The acquittal of the two former Bear Stearns hedge fund managers suggests that blame is not easy to apportion – and that cock-ups, not conspiracies, offer the more likely explanation.This is a common mistake of pro-State troll justice. "Intentions matter, and not outcomes."
The fact that investors lost billions of dollars is irrelevant. According to pro-State troll justice, the key distinction is "Did they intentionally commit fraud, or were they merely stupid?"
"The subprime market looks pretty damn ugly," Tannin wrote to Cioffi in April 2007. If Bear's internal reports were accurate, Tannin suggested, "I think we should close the funds now," and "the entire subprime market is toast."They took their own money out of the fund, while telling investors that everything is all right.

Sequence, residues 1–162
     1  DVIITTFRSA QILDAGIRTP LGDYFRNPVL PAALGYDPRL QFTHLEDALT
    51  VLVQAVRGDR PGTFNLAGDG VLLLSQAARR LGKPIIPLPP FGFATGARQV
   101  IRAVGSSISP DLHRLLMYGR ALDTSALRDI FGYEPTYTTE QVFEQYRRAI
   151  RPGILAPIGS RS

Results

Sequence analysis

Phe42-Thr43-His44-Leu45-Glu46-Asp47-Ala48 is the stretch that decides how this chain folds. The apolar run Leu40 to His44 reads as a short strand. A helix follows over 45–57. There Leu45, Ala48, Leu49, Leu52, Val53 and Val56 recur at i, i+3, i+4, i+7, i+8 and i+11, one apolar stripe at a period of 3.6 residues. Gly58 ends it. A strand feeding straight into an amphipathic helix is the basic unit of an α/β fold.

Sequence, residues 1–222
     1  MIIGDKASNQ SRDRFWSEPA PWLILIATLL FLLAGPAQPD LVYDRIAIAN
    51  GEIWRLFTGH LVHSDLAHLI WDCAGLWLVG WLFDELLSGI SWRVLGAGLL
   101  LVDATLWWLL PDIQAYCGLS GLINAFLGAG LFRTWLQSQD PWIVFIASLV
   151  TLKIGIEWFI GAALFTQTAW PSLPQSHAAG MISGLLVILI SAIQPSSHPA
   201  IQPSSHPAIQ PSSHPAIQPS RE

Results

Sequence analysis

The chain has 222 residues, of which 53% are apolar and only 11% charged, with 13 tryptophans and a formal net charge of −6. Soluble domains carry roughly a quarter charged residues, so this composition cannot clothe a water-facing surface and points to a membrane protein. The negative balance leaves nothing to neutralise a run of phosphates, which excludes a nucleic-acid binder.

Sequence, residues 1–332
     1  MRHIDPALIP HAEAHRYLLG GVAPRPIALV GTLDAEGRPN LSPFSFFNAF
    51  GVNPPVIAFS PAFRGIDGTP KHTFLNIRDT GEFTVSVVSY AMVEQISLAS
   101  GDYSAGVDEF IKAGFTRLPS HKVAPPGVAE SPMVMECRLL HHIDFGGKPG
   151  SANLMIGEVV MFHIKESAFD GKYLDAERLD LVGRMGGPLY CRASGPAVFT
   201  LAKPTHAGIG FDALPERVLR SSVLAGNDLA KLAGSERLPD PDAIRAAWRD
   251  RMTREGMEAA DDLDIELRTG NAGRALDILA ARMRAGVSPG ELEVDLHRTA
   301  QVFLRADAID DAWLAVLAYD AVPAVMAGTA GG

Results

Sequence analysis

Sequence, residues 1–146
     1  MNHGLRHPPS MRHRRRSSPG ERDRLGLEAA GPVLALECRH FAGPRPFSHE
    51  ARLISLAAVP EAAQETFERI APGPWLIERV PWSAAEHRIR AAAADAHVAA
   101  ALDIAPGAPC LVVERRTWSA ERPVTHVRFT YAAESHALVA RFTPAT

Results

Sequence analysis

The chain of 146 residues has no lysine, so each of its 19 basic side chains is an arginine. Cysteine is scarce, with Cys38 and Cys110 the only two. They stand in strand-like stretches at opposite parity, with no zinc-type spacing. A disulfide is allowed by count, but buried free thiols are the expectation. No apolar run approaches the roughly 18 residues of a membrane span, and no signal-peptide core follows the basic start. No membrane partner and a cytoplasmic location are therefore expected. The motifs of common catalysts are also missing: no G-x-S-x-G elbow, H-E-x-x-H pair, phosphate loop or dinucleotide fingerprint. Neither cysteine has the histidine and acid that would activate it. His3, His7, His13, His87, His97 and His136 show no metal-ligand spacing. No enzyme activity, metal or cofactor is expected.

The situation became so dire that Cioffi pulled $2 million of his own cash from the fund, but the pair still told investors that they should stay in and that the outlook was good, prosecutors said. He also was accused of hiding news that one worried investor had decided to pull out $57 million from the funds.
This is exactly wrong.
It makes no difference whether billions of dollars were lost through your own gross negligence, or if you intentionally and deliberately stole it. Either way, the victims are injured.
The investment manager was presenting himself as an expert. He is guilty of fraud.
The executives get to keep their huge salaries and bonuses paid during the inflationary boom. During the bust, insiders get a bailout while investors lose their savings.